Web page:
Planning permission has been sought to demolish a high-profile mixed-use building at 20 Merrion Road, Ballsbridge, in order to replace it with a development more than four times its size.
The property, which is situated adjacent to the Horse Show House pub and directly opposite the RDS, is owned by Knockanore Properties, a company associated with the family of the late businessman Dr Tim Mahony, founding chairman of Toyota Ireland.
Under the redevelopment plans, the existing 2,368sq m (25,490sq ft) two-storey building would be replaced with a 10,395sq m (111,890sq ft) structure ranging in height from four to six storeys. The building would be constructed over a two-storey basement, incorporating staff changing facilities, bicycle parking and 35 car parking spaces.
The remainder of the proposed building would comprise office space with a net internal area of 5,481 sqm (59,000sq ft) and a restaurant over two levels with 455sq m (4,900sq ft) of space.
The existing pavilion-style building was developed by English developer Roy Strudwick’s Ryde Developments in 1991 as part of the overall Sweepstakes Centre scheme, but lay idle for three years after plans by a restaurateur to acquire and operate the building as a Chinese restaurant ran into difficulties.
In 1994, Dr Mahony’s Knockanore Properties acquired the property for the equivalent of about €2.53 million. His Killeen Group subsequently occupied a significant portion of the premises for more than a decade, using it as a showroom for its Toyota and Lexus cars.
The value of its 0.36-hectare (0.8-acre) site should be significantly boosted if Knockanore succeeds in obtaining planning permission for the proposed development.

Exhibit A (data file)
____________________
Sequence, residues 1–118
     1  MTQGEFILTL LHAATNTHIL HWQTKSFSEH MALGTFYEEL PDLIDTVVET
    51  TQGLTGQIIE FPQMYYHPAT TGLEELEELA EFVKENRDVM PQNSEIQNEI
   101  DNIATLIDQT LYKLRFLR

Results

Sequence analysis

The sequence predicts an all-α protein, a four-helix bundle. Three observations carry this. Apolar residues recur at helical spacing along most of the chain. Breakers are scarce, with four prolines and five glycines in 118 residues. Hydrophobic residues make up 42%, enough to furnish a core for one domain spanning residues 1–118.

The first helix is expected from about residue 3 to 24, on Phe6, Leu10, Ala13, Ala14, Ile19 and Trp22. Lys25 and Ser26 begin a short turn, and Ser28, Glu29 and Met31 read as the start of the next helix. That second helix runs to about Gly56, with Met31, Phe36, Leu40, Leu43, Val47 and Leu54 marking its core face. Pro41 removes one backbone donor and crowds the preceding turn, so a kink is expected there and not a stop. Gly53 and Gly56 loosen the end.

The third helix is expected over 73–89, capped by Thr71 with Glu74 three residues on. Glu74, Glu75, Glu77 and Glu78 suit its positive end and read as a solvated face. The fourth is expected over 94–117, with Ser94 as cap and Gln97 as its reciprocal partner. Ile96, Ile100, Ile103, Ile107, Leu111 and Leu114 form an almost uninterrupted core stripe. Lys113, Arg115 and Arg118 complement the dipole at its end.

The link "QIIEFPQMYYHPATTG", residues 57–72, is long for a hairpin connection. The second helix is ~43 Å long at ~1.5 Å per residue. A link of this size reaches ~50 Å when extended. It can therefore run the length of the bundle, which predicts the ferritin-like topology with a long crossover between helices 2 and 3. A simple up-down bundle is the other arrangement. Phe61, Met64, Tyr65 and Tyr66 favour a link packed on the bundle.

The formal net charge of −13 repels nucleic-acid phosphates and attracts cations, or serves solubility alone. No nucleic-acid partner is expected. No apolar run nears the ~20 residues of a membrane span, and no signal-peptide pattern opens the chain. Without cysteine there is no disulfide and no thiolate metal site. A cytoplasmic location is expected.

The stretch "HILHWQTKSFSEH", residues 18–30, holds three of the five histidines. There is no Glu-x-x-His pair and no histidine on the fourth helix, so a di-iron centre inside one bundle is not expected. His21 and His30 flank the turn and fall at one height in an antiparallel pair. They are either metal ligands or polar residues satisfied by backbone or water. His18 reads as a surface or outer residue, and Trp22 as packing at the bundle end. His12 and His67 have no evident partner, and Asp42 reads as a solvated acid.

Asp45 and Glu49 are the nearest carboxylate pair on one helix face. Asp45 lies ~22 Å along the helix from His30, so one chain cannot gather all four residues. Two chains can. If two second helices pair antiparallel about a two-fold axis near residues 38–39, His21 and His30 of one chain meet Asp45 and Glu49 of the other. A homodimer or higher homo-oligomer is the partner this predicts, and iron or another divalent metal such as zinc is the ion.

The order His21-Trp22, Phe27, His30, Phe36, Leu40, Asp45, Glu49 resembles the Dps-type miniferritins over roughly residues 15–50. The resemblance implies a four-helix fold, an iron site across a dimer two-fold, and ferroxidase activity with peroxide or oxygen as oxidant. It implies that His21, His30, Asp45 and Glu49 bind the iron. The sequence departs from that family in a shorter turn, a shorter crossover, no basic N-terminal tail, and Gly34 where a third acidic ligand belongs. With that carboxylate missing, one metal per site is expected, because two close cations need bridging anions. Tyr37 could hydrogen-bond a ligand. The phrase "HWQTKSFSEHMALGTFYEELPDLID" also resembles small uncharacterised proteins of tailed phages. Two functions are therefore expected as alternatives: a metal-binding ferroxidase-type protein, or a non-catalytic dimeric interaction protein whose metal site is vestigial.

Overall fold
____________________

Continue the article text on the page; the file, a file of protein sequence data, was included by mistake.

Last year, developer Johnny Ronan’s 1.5-hectare (3.7-acre) Bankcentre site, which is bounded by Knockanore’s site to the west, was thought to be worth about €120 million – or €80 million per hectare. By that same measure, 20 Merrion Road might well be worth about €30 million if planning permission is secured.
Bellucci’s, the restaurant operated by businessman Robbie Fox within the existing building, is currently the sole opponent to the redevelopment. In a submission to Dublin City Council, Mr Fox advised that the restaurant occupies its unit under a long lease and that the proposal is “completely unacceptable” as it would result in the closure of his business.
Last year, Mr Fox’s company brought legal action against Knockanore after the company allegedly took possession of the property and changed the locks on foot of an alleged historic arrears of rent accrued by the Bellucci’s amounting to €140,000.
It appears the matter may not yet be resolved, as the two parties are due before the Circuit Court again next Monday.